This book is ideal for city residents, developers, designers, and officials looking for ways to bring urban environments into harmony with the natural world and to make cities more sustainable. It offers a wealth of information and examples from urban forests around the world to guide green initiatives and inform environmental policies.

A valuable resource for real-world solutions, this volume encourages citizens and planners to actively engage and collaborate in improving their communities and quality of life.

Dr. Gail Hansen is an associate professor in the ornamental horticulture department at the University of Florida. Dr. Joseli Macedo is professor in the School of Architecture, Planning and Landscape at the University of Calgari.

368 pp.

$45.00

Bringing Nature Home: How You Can Sustain Wildlife with Native Plants

Douglas W. Tallamy

Timber Press

“In too many areas of our country there is no place left for wildlife but in the landscapes and gardens we ourselves create.”

With great detail and insight, naturalist Douglas Tallamy uncovers the complex interdepence between plants and wildlife and explains how, when non-native plants take over a landscape, insects and other wildlife soon disappear. Using ecological science, plant lists and eye-catching photos, Tallamy shows how anyone with access to a patch of earth can make a significant contribution toward sustaining biodiversity by planting native trees and other plants.

360 pp.

$19.95


Also at IFASBOOKS:

Trees: North & Central Florida

Andrew Koeser, Gitta Hasing, Melissa Friedman, Robert Irving

This field guide to 140 tree species–the only one of its kind for north and central Florida–is designed for landscape professionals, arborists, naturalists, gardeners, and anyone seeking to know the trees around them.

Full color photographs of leaves, bark, flowers and full trees, together with clear descriptions and other information make identifying trees easier than ever. The book also features a handy diagnostic key, an introduction to plant parts, a glossary and a ruler to guide you, whether you’re a trained botanist or a total beginner.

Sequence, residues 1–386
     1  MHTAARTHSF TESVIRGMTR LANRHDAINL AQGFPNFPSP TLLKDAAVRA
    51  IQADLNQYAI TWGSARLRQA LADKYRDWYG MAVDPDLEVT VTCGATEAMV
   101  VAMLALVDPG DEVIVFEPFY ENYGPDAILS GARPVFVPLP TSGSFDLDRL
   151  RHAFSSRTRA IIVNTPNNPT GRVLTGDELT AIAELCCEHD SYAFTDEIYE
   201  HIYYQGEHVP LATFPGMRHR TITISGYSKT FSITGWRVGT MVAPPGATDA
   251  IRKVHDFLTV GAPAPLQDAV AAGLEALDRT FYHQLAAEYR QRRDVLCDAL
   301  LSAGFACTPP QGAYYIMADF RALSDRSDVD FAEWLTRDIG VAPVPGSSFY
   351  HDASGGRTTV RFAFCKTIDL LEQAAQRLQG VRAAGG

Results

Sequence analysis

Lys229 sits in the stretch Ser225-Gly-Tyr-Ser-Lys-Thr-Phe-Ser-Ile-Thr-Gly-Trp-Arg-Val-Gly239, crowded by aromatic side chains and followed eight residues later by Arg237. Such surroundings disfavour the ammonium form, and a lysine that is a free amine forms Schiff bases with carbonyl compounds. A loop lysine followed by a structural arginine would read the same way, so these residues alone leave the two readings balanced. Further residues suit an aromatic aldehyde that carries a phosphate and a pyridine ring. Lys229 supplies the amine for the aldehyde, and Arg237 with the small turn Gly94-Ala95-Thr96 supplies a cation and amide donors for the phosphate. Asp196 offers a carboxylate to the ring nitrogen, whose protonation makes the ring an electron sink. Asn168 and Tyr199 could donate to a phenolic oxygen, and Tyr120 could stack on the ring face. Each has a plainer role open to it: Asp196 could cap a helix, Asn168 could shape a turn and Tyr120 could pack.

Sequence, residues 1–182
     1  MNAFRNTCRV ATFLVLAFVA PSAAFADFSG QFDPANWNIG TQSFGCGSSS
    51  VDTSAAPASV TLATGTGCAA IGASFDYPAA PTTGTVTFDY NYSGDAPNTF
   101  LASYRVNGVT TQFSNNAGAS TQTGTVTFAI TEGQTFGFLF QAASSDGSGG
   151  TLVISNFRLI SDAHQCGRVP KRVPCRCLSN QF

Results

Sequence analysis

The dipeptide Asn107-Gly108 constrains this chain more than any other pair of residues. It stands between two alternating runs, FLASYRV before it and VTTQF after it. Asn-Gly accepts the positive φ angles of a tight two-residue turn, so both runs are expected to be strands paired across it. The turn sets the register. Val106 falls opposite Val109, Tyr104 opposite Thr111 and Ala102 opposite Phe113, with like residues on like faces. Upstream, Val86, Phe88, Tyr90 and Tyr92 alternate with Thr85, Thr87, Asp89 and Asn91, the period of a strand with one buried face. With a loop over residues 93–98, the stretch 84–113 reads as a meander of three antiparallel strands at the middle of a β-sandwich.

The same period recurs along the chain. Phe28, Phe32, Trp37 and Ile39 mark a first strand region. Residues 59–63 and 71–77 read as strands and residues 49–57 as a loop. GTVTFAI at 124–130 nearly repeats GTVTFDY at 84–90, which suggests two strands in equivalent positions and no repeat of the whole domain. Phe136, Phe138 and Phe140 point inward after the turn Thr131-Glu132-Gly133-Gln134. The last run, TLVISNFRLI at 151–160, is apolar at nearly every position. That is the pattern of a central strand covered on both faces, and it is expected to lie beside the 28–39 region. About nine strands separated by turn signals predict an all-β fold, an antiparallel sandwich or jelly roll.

320 pp.

$24.95

(A companion guide, Trees: South Florida and the Keys, published by University Press of Florida, is currently out of print.)

Trees of the Southeast Playing Cards

If you’re someone who “hearts” trees and card games, this unique deck will “bridge” both interests. Perfect for “clubs” or “solitaire”, you’ll increase your knowledge of regional tree species in “spades” as you play. One look at these colorful and educational cards and you’ll want to “hold ‘em”!

$5.95


For more, visit http://ifasbooks.ifas.ufl.edu/

Join Us on May 14, 2022 for the Lakeland Cardboard Boat Challenge & Lakeshore Festival


  • On-Site Built Registration 8 A.M. – 8:30 A.M.
  • Cardboard Boat Building On-site 8:30 A.M. – 10:00 A.M.
  • Pre-Built Registration 9:00 A.M. – 9:30 A.M.
  • Race Starts at 10:00 am

Purchase Entries Here “Coming Soon”


This event helps raise awareness about our water resources and how we all must play a role in protecting them. People can reduce their impact on the environment through the lifestyle choices they make every day. Celebrate our lakes and join the fun!

To reinforce the reason behind this event the theme of your cardboard boats need to have a “Lakes” awareness theme. Each team must name their boat with a Lakes awareness theme, and turn in a short bio explaining the name choice to be announced prior to launch. Register your team, create a boat out of cardboard and duct tape, and race to the finish line. Environmental Exhibitors will provide children’s activities, information on ways to protect our lakes, water ways and other environmental fun facts.

THE CHALLENGE:

To build a boat out of cardboard and duct tape, and then put 2 people inside to race around a course, be the first to make it across the finish line without sinking.

THE CATEGORIES:

On-Site Built Groups: Cardboard boats are built on site, the morning of the event, and all supplies are provided.

Race teams will be in the following divisions:

  • Community/Corporate: Both paddlers must be 18 years of age or older to paddle the boat.
  • Youth: Must be elementary/middle/high school age youth to build or paddle the boat. Both paddlers will need to be under 18 years of age. Teams must have an adult to supervise construction and handling of knives.
  • Family Team: Must have at least one child between the ages of five and 18 paddling and an adult supervising the construction and handling of knives. The second paddler is over the age of 18.

Pre-Built Groups: Cardboard boats are built before the event, and teams must provide their own supplies.

Race teams will be in the following divisions:

  • Community/Corporate: Both paddlers must be 18 years of age or older to paddle the boat.